# Is it true that if the associated homegeneous system has a unique solution, then the system also has a unique solution?

Given a system of linear equations, is it true that if the associated homogeneous system has unique solution (the trivial one), then the system itself has a unique solution?

If this is true, it would mean that there is a mistake in the table from this Wikipedia page (which seems to be extracted from Jim Hefferson's Linear Algebra book), so I think this is not true, but how to find a counter-example?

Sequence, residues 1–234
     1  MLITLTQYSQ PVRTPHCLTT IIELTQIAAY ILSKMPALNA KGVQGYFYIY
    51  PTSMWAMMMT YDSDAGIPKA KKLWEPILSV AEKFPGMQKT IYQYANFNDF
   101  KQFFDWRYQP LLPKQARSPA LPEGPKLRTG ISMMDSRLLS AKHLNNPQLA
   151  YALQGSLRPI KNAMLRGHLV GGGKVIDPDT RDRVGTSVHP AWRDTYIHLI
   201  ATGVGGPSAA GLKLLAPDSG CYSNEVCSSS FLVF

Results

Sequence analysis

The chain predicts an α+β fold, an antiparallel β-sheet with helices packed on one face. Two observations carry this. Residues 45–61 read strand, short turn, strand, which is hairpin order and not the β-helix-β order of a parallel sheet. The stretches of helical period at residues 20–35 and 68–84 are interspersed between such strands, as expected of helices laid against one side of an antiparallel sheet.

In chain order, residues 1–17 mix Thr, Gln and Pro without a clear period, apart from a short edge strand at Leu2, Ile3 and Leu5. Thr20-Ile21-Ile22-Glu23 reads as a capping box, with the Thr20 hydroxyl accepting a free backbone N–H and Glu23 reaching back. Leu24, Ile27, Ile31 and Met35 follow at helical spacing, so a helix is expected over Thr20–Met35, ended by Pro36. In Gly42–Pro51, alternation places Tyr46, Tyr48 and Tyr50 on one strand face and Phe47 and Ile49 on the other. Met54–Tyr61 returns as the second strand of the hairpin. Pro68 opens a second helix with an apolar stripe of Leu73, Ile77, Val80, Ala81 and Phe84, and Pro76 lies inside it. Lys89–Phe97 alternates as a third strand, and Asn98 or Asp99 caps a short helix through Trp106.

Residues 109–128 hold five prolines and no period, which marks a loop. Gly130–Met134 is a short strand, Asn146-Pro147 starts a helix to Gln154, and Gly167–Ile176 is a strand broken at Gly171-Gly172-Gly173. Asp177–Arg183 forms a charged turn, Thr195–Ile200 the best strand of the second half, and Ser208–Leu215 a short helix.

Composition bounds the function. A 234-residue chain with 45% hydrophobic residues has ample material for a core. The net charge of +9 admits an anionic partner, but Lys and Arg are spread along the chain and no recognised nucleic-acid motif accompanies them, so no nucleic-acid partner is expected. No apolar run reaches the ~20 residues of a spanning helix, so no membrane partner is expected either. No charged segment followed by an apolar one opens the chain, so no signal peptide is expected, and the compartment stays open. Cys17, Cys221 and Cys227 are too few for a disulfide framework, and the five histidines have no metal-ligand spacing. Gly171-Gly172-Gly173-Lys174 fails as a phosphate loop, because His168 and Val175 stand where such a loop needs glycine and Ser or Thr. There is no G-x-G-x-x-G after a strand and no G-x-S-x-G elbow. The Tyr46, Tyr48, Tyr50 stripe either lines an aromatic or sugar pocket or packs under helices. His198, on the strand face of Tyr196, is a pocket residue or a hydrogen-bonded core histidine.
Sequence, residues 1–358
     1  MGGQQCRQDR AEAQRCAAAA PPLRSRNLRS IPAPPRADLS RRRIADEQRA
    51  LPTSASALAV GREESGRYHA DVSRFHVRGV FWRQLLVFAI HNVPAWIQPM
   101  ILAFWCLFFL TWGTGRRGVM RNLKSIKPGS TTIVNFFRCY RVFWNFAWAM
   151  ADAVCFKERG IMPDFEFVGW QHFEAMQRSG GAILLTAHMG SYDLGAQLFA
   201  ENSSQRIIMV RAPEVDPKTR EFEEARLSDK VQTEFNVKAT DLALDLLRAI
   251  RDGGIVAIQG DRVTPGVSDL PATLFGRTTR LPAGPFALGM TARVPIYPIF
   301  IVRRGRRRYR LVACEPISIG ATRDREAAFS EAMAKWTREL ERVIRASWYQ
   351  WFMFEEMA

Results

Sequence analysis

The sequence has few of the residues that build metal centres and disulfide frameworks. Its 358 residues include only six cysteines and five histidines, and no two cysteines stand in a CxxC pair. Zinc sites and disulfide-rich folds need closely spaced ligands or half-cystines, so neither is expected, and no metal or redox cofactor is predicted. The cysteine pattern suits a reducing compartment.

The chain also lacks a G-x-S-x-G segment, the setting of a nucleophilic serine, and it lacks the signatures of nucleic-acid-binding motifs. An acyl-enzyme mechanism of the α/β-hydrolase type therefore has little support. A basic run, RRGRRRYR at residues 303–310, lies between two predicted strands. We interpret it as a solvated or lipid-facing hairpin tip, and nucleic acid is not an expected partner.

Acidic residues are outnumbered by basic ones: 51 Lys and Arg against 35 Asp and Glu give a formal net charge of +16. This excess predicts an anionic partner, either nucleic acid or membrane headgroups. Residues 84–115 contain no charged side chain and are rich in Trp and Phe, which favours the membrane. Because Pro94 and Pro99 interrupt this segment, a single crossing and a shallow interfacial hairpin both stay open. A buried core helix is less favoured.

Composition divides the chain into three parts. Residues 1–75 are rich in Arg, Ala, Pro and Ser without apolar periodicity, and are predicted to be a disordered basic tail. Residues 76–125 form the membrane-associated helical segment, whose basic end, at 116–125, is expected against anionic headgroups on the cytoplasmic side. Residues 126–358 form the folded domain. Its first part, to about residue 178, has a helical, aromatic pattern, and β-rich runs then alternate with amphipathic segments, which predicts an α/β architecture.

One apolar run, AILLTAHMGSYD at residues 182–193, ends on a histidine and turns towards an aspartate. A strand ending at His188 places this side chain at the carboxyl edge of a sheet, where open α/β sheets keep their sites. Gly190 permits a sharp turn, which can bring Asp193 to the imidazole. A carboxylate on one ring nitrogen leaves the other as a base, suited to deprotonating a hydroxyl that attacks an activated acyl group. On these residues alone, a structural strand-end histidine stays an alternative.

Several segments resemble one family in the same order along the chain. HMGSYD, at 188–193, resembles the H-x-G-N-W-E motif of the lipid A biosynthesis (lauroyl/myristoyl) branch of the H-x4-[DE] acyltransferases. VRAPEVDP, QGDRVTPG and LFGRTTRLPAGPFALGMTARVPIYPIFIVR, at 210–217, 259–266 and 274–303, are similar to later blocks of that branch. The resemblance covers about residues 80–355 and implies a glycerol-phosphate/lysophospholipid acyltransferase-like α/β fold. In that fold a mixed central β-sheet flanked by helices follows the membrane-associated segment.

No, it is not true. Consider, for example, the following set of equations $$x+y=2,\tag 1$$ $$x-y=0, \tag {2}$$ and $$x+2y = 2. \tag 3$$
Obviously, the homogeneous solution is unique, i.e. $x=y=0$. But the solution of the linear system does not exist.